Given the current environment, independent operators around the country are reevaluating the way they operate their wells…
Now, while we don’t have control over the price of crude, we do have direct control over the costs at which we produce it.
My family has been in oil & gas for nearly 30 years. I respect the old guard. And, sometimes new ways of doing things must be considered — especially when it directly lowers our company’s marginal production costs (the point at which we shut our wells in…)
Understand, most software companies would like for you to believe it’s the technology that’s important. However, what they don’t disclose is that whatever technological advantage they’re trying to push often comes at the price of worsening the team’s sociology.
Instead of building procedures to support your folks in the field, many of these companies limit the contributions of people. They set a tone of rules and rule following rather than thinking and rule adjusting (or even rule improving!)
With apps, it’s different. People actually want to use these tools…
Remember, the first rule of any technology used in a business is that automation applied to an efficient operation will magnify the efficiency. The second is that automation applied to an inefficient operation will magnify the inefficiency.
Basically, we don’t add people to broken systems. People are expensive. If Operator A manages 100 wells with a staff of five people and Operator B manages 100 wells with a staff of twelve — all things being equal — Operator A wins. His investors win. His employees win. And, the company will carry on in nearly any environment. (click here to see what happens when operators refuse to go mobile...)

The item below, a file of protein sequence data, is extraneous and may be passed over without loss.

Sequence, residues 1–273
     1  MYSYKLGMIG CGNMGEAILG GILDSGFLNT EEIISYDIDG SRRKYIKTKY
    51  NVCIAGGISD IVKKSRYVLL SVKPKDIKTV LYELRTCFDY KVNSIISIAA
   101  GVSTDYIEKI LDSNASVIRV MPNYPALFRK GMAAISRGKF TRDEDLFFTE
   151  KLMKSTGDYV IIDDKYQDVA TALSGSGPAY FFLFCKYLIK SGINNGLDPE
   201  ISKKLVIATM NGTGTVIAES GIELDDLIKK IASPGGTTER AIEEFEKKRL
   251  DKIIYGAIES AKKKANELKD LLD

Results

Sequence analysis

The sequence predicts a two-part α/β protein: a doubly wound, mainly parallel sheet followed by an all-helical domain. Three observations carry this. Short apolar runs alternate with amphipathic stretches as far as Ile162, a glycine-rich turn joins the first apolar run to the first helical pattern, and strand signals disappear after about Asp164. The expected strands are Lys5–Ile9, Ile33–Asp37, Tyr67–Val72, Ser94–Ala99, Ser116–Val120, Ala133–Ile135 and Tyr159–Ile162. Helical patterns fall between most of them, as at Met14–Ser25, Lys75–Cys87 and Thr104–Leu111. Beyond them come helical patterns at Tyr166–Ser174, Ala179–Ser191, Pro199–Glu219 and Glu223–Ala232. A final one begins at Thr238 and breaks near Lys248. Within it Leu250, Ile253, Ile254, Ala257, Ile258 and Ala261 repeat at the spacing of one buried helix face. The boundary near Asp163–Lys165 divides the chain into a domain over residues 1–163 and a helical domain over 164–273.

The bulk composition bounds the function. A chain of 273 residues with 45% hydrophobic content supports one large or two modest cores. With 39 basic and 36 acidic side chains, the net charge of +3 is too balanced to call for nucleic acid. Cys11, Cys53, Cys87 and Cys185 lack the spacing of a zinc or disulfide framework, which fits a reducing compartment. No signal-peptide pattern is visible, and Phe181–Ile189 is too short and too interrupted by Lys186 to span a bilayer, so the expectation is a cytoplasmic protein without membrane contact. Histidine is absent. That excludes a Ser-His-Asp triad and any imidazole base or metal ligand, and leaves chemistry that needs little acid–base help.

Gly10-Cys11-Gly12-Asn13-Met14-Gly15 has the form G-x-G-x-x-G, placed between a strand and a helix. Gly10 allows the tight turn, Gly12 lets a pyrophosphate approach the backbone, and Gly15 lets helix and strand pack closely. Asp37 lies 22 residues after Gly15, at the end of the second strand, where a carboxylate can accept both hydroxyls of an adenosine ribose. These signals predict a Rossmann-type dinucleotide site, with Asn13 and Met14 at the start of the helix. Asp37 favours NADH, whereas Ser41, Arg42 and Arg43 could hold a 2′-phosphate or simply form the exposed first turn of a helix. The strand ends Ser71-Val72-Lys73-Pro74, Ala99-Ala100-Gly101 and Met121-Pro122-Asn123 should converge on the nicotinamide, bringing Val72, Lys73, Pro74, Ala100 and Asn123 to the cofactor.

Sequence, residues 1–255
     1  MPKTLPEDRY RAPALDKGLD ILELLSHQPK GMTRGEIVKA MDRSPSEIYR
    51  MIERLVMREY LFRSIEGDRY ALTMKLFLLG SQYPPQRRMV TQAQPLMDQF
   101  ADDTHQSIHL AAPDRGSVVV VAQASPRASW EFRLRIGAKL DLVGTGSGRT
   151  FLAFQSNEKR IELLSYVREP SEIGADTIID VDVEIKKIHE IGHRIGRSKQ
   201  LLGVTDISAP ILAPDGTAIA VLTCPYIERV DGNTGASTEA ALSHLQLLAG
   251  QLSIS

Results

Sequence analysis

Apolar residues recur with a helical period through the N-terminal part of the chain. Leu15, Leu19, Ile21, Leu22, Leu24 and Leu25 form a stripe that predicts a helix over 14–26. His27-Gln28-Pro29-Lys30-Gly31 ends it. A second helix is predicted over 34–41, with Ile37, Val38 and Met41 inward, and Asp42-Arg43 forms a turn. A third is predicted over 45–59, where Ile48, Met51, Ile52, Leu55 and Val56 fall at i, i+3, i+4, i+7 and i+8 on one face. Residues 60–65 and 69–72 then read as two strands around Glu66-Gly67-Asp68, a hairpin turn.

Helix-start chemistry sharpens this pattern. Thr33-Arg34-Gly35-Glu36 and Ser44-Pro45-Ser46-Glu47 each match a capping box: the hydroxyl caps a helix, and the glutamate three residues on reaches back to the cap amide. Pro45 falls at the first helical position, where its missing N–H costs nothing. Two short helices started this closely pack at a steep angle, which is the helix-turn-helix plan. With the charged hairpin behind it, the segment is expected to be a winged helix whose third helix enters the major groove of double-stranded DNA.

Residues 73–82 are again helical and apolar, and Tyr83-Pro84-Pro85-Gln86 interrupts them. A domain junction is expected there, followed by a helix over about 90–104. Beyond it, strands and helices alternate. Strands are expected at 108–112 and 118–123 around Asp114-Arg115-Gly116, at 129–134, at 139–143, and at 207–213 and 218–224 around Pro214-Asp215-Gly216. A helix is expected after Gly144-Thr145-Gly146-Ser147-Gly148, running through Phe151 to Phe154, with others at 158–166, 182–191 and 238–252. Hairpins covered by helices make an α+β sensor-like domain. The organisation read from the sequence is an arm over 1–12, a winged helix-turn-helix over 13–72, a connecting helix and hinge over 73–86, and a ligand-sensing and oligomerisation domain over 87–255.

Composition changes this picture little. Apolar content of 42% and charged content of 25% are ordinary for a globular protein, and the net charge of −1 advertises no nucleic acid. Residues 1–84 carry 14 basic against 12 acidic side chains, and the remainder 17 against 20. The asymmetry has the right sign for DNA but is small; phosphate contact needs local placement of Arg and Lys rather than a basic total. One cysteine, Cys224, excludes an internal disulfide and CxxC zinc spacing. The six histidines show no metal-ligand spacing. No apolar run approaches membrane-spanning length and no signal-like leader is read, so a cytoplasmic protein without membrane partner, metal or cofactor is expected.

For Operator A, Sub-$60 oil doesn’t look so bad anymore. It ain’t party time, but no one is closing their doors either.
Admins’ and ops supervisors’ days are full. And, many times they leave the office (exhausted) and ask themselves, “what did I really accomplish today? How did I move the company forward? How am I securing a future for myself at this company?”
Rather than comparing sales tickets against oil purchaser statements and clawing back that money, Admin is stuck tracking down missing run tickets. They know they should be sending out reports to managers, investors, and State agencies, but they’re trapped just trying to organize these reports into something workable…
They can’t break the cycle of meta-work. Essentially, work that fills our days but isn’t really that important.
Does it keep us busy? Oh yeah.
Does it move the company forward? Not really.
As for management, it’s a completely different set of issues. Given their current tools, many accept that ‘skimmed oil’ is just part of doing business. They realize they must trust their pumpers (the front line!), and short of going to the field and gauging the tanks themselves they have no way to verify their production numbers. If they knew, many skimming oil purchasers and services companies would be immediately dropped.
Sometimes it’s tough to know where to point the finger. Sometimes, drops in tank volumes are simply a function of a change in weather. That being said, randomized quarterly checks by a 3rd party roustabout is a very cheap (and very effective!) form of production insurance.
It sounds funny, but problems are like mushrooms: when it’s dark and rainy they multiply. Under bright light, they diminish. In an organization where there is nowhere to hide, the problems are easily illuminated.
Folks, systemized daily production reports can create that strong light.
We’ve seen examples of pumper production reports from all corners of the country. Some of these gauge sheet templates haven’t changed since the 1940s. Still others are works of art!
To the degree you can clarify your systems and hone them, you will run your business as opposed to having it run you. The culmination of identifying, documenting, and having everyone follow the core processes of your business is the way.
When you have a clear way, you immediately increase the value of your business, strengthen your control over it, and give yourself options. From there, you may grow the business, let someone else run it, sell it, or simply take more time off.